Priscilla Roth is a training and supervising analyst with the British Psychoanalytic Society. Following her degree in psychology at Berkeley, she worked as a research assistant at the University of California at Berkeley. In the early 1970s she moved to the UK and trained first as a child and adolescent psychotherapist at the Tavistock Clinic, London, and shortly thereafter as an adult psychoanalyst with the British Psychoanalytic Society.
During her analytic training she was influenced by her analytic and supervisory experiences with Leslie Sohn, Ruth Risenberg-Malcom, Herbert Rosenfeld and Hannah Segal. She was then a member of the Betty Joseph Workshop for 30 years, working closely with contemporaries such as Ron Britton, Michael Feldman, John Steiner and Ignes Sodré.
Her background experience as a child psychotherapist working in the public health service for many years is evident in her work with adults. Her clinical work illustrates a profound understanding of the complex interplay between the impact of early developmental experiences and the role of unconscious phantasy in shaping the development of the mind.
Roth lectures and supervises widely in the UK and internationally. One of her most notable contributions is how she approaches psychoanalysis theoretically and clinically: her skills as a teacher and supervisor of psychoanalysis are widely recognised because of her fine-tuned capacity to communicate an experience-near understanding of psychoanalytic concepts expressed in ordinary language. This ability is well illustrated in her writing, for example in her numerous book chapters discussing key analytic concepts such as the depressive position and projective identification, in her thorough introduction to one of several books she edited – Envy and Gratitude Revisited (2008) – which stands out for its impressive scope and generous appreciation of different contemporary positions on the concept of envy, and finally in her very accessible book on the superego aimed at a non-specialist audience. Her paper ‘Mapping the landscape: levels of transference interpretations’ (2008) is an elegant articulation of what it means to work in the transference, which invites careful reflection on how we listen as analysts and what we take up and when with the patient.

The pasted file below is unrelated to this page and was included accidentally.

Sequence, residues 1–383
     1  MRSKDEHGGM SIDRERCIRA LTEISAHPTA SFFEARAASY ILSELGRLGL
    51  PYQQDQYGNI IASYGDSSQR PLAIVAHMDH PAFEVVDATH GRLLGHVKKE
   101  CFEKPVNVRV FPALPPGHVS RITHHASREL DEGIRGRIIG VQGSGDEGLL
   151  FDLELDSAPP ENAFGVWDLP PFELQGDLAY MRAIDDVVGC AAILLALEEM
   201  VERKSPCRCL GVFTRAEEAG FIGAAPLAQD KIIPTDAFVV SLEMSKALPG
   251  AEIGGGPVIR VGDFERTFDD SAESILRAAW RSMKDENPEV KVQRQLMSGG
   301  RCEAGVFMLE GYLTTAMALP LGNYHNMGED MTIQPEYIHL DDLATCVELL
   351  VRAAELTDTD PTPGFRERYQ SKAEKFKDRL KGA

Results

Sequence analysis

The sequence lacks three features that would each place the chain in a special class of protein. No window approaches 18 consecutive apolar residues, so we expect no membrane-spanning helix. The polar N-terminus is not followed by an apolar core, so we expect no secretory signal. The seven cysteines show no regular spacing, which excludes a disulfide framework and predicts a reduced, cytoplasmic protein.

Reading Roth is like being accompanied along an enlivening journey of discovery by an experienced analyst ‘at work’, grappling with established notions with curiosity and passion which, in turn, engage the reader in the internal work required to understand emotionally, not just cognitively, the meaning of the concepts under consideration. Importantly, her writing and discussion of analytic theory is invariably rooted in her clinical experience. Both her written and oral presentations (which far outnumber the published ones) vividly convey with characteristic modesty, perspicacity and compassion the struggles, stalemates and achievements of an analyst and patient at work, together.
1994 Roth, P. ‘Being true to a false object’. Psychoanalytic Inquiry. 14:393-405h.
1999 Roth, P. ‘Absolute zero: a man who doubts his own love’. International Journal of Psychoanalysis. 76:1076 – 1077.
1999 Roth, P. (ed) Editor’s introduction. On Bearing Unbearable States of Mind: the work of Ruth Malcolm. Routledge.
2001 Roth, P. ‘Mapping the landscape: levels of transference interpretations’. International Journal of Psychoanalysis. 82:533-43.
2001 Roth, P. Ideas in Psychoanalysis: The Superego. Icon Books Ltd.
2001 Roth, P. ‘The paranoid-schizoid position’, in Bronstein, C (ed) Kleinian Theory: A contemporary perspective. Whirr.
2005 Roth, P. ‘The depressive position’, in Budd, S. and Rusbridger, R. (eds) Introducing Psychoanalysis: Essential Themes and Topics. Routledge.
2005 Roth, P. ‘Projective identification’, in Budd, S. and Rusbridger, R. (eds) Introducing Psychoanalysis: Essential Themes and Topics. Routledge.
2007 Roth, P., and Rusbridger, R. (eds). Editor’s introduction. Encounters with Melanie Klein: Selected Papers of Elizabeth Spillius. Routledge.
2007 Roth, P. ‘Melancholia, mourning and the counter-transference’. Fiorini, G., Bokanowski, T. and Lewkowica, S. (eds) On Freud’s “Mourning and Melancholia”, International Psychoanalytical Association.
2008 Roth, P. and Lemma, A. (eds). Editor’s introduction. Envy and Gratitude Revisited. Karnac Books.